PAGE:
Toronto, Ontario|pages=178 |isbn=0-8020-8374-9] He served as an officer of the province-wide Association of Local Improvement Districts, which advocated for such reforms as a change to an eight hour work day (from ten), on the grounds that many LIDs were having trouble competing with railways for labour. [Rennie 72]
to ask when he might have the chance to speak against. [Jones 69-70] Despite the UFA's nominal majority position (and the four Labour MLAs' generally supportive approach to the government), many votes went against the government.Jones 70]
Greenfield became Premier at a time of agricultural depression, especially in the province's south.Jones 61] The region, which was responsible for approximately 75% of Alberta's
wheatproduction, was in the midst of its fifth consecutive year of drought, and the farmers who had been responsible for putting the UFA into office were now demanding action. Initially, the government offered direct financial assistance, with $5 million provided in seed and grain relief by the end of 1922.Jones 63] However, this effort was driving the province close to bankruptcy, and in 1923 Greenfield announced an end to the handouts (the bill authorizing the last of these was the source of chagrin for MLAs from all parties, both because it marked the end of direct assistance for farmers and because the last of the assistance was itself so expensive). Farmers and political representatives from the affected areas criticized the government bitterly, referencing Greenfield's earlier pledge that "if the south country should fall, then we are prepared to fall with it".Jones 62]
The government did not give up on addressing the problem when it ended subsidies. It had previously commissioned a number of studies on the agricultural situation and related factors, and converted some of the results of these studies into legislation. The "Debt Adjustment Act" of 1923 was designed to adjust farmers' debts to a level that they could actually pay, thus allowing them to carry on while still ensuring that creditors received as much as was feasible. [Jones 63–64] In the words of
University of Calgaryprofessor David C. Jones, the bill offered "solace, but no real satisfaction".Jones 64]
According to Jones, Greenfield's attempts to rescue southern Alberta from agricultural calamity were probably doomed to failure.Jones 65] Even so, Greenfield had called the situation his top priority, and his failure to bring it to a successful resolution cost him politically.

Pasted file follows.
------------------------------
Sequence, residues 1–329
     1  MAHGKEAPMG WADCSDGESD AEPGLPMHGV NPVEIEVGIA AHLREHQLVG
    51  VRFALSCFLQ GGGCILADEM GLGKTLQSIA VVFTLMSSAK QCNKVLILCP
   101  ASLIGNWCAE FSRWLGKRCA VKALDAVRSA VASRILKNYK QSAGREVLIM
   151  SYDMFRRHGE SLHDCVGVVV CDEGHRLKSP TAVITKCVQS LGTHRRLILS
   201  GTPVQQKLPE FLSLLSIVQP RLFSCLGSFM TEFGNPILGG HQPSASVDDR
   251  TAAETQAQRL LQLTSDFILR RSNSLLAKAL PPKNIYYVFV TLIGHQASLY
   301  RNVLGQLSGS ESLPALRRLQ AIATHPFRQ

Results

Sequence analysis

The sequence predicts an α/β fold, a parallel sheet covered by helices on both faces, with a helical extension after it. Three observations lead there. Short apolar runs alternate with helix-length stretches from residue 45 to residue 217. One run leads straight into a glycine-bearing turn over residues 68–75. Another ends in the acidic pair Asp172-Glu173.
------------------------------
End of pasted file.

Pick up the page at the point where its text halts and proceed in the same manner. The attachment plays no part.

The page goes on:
During Greenfield's premiership, Alberta's major non-agricultural industry was
coal mining, and the industry was not prospering. Production was more than 50% greater than demand, and fewer than half of the province's mines were profitable. The industry as a whole was earning a profit of less than one cent per ton of coal. While miners' wages had more than doubled (in nominal terms) between 1909 and 1920, in the 1920s mine owners began to roll them back.Jones 65-66] Besides wages, miners were unsatisfied with working conditions in an industry that saw more than 3,300 workplace accidents per year. The result was labour militancy...and violence. A general strike in 1920 saw strikers assault strikebreakers, throw them off their bicycles, and launch rocks through the windows of buses.Jones 66] When police escorts were called in in aid of the strikebreakers, they were sometimes attacked as well; one constable was partially paralyzed from the beating he received. Provincial police commissioner W.C. Bryan was warned against inspecting one strike site in a note reading "You spoilt the strike, and if you go...you will be killed."Jones 67] He went anyway, and was greeted by an ambush in which three bullets were fired into his car, missing him. [Jones 66-67]
, who took the side of the miners and objected to the government's provision of police escorts for strikebreakers. Though the problems originated before Greenfield took office, many Albertans felt that a stronger leader might have been more successful than Greenfield in appealing for peace.
Prohibition had been introduced in Alberta following a 1916 referendum, during which the UFA had advocated for the prohibitionist side. [cite book |last=Jaques |first=Carrol |editor=Bradford J. Rennie |title=Alberta Premiers of the Twentieth Century |year=2004 |publisher=Canadian Plains Research Center, University of Regina |location=
Regina, Saskatchewan|isbn=0-88977-151-0 |pages=49 |chapter=Charles Stewart ] By 1920, however, it was becoming apparent that the policy was not working (or, as the Medicine Hat Newsnoted, "Prohibition is now working smoothly. The only thing left is to stop the sale of liquor!"). Greenfield's own MLAs began to grumble about the policy - Archibald Mathesonexpressed in 1923 the view that "This government has acted as philosopher, guide, and God to the people long enough."Jones 68] The government resolved to repeal the "Prohibition Act", a move that Greenfield attempted to make more palatable by proposing that liquor profits be shared with impoverished municipalities. However, the scheme proved unworkable, and the re-legalization went ahead without any such profit-sharing.